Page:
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Film International, issue 29, Fall 2007:
Delson clearly enjoys and admires many of his films, but maintains a scholarly distance that allows for even-handed and clear assessments of Murphy’s works. . . . A fine biography, as well as a fine work of film studies; indeed, these two elements of the book reinforce one another. [more >>]

GreenCine, November 9, 2006:
“A lively, sometimes ribald, constantly entertaining but no less thought-provoking read. . . . both complex and integral to the understanding of early American film. ” [more>>]

Leonard Maltin, critic and film historian,
October 23 , 2006:
"Delson has done an impeccable job of research to tell [Murphy's] story and tie the loose ends of his improbably career together."[more (click on Film Books) >>]

Kirkus Reviews, August 1, 2006:
“The author displays a scholarly grasp of the facts, but also the fluid, resonant prose to animate them.” [more>>]

Library Journal, October 1, 2006:
“The first full-length study of wealthy, eccentric, enigmatic filmmaker Dudley Murphy.... Finely written and researched.” [more>>]

Kurt Andersen, novelist, journalist, and cultural commentator:
"Such a cogent, intelligent book about such a splendidly messy life. Dudley Murphy seems more like a wacky fictional character than a real person, and I'm grateful to Susan Delson for introducing me to him."

August 1, 2006

Delson, Susan
DUDLEY MURPHY: Hollywood Wild Card

Univ. of Minnesota (272 pp.)
Oct. 1, 2006
ISBN: 0-8166-4654-6

Dudley Murphy (1867–1968) doesn’t bear a household name like vaunted film directors John Ford or King Vidor, but, as chronicled by Delson, his ambitious career out-barnstormed them all— even if it often only sputtered in the public eye.

Murphy was an innovative, socially adventurous Hollywood insider, a reckless aviator and playboy to outgun Howard Hughes, but with artistic aspirations forged in European modernism. He is often recalled as merely the technical facilitator behind his two enduring works, the experimental
montage Ballet Mecanique and the film that rendered Paul Robeson a diasporic icon, The Emperor Jones. Delson challenges this notion and makes a convincing case for the filmmaker as auteur. The author displays a scholarly grasp of the facts, but also the fluid, resonant prose to animate them. She illuminates what certain cultural, corporate and technological developments meant to both Murphy and his tumultuous times. Cineastes looking for rigorous analysis of Murphy’s work might find the early passages tough going, filled as they are with the minutiae of the subject’s life. But this personal intimacy proves useful, locating plausible and compelling connections between Murphy’s life and art. Like his near-contemporary Luis Buñuel, Murphy was the son of upper-crust intellectuals. He, too, broke through with an avant-garde classic and made a globetrotting career of blending experimental techniques into more mainstream fare. Along the way, Delson treats us to encounters with Murphy’s dizzying roster of collaborators and pals: DeMille, Selznick, Hemingway, Man Ray, James Joyce, Ezra Pound, Charlie Chaplin, Fats Waller, Sergei Eisenstein. Yet Murphy never gets lost in the fray.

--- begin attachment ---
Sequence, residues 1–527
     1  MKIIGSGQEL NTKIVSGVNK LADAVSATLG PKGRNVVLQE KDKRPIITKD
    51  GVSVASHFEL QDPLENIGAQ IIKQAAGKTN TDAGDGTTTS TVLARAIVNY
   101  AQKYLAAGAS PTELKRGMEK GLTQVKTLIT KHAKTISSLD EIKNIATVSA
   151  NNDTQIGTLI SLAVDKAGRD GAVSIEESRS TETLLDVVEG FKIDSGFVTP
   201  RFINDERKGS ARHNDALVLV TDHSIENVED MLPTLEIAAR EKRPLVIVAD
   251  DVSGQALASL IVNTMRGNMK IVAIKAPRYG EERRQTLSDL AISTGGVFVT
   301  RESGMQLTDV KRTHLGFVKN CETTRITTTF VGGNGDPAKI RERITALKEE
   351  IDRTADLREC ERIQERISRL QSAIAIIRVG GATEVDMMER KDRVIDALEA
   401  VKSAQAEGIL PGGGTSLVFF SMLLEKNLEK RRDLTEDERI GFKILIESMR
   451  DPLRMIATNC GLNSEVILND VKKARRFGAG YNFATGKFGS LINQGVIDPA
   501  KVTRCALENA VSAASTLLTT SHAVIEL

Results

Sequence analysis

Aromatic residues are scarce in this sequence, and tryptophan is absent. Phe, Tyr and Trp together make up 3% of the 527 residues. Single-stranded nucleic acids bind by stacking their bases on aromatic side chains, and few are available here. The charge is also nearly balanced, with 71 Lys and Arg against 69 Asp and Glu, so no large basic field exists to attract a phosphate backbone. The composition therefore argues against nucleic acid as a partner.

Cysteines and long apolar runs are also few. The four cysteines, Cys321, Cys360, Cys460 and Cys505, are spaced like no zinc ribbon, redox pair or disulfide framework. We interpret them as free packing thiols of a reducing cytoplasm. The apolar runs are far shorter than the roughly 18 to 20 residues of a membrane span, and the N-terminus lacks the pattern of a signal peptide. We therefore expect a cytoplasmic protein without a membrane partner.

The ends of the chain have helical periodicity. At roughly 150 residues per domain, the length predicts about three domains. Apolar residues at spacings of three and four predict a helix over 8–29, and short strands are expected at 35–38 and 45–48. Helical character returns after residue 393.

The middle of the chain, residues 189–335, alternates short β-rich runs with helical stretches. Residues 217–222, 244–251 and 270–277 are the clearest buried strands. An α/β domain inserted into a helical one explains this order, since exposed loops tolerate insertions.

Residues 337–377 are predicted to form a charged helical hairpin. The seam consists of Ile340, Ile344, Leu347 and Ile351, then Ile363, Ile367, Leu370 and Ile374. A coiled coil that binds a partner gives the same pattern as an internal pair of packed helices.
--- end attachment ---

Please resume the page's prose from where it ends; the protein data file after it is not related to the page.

A balanced portrait of a man and a panorama of his times, told with exceptional grace. [Back to top]

Library Journal , October 1, 2006 :

Delson, a New York-based writer, presents the first full-length study of wealthy, eccentric, enigmatic filmmaker Dudley Murphy (1897-1968). When Murphy decided to break into the business in the 1920s, his idea was to meld music, dance, and the visual arts into experimental short subjects. His avant-garde short subjects, among them Soul of the Cypress, Danse Macabre and especially the classic Ballet mécanique proved to be successes, but ultimately, Murphy succumbed to the lure of features. Those he directed were largely mediocre, and he remained on the fringes of Hollywood until the dawn of talkies, when he undertook sound shorts. His St. Louis Blues and Black and Tan (both 1929) are still considered among the best of the genre. Murphy had his greatest opportunity with the adaptation of Eugene O'Neill's The Emperor Jones (1933) starring Paul Robeson, but it was not the masterwork he had hoped it would be. He was simply too much the dreamer and outsider to succeed in Hollywood, and his career petered out in the early 1940s. This finely written and researched work will profitably add to the literature of such directors. Recommended for large cinema collections.
Roy Liebman, Los Angeles P.L. [Back to top]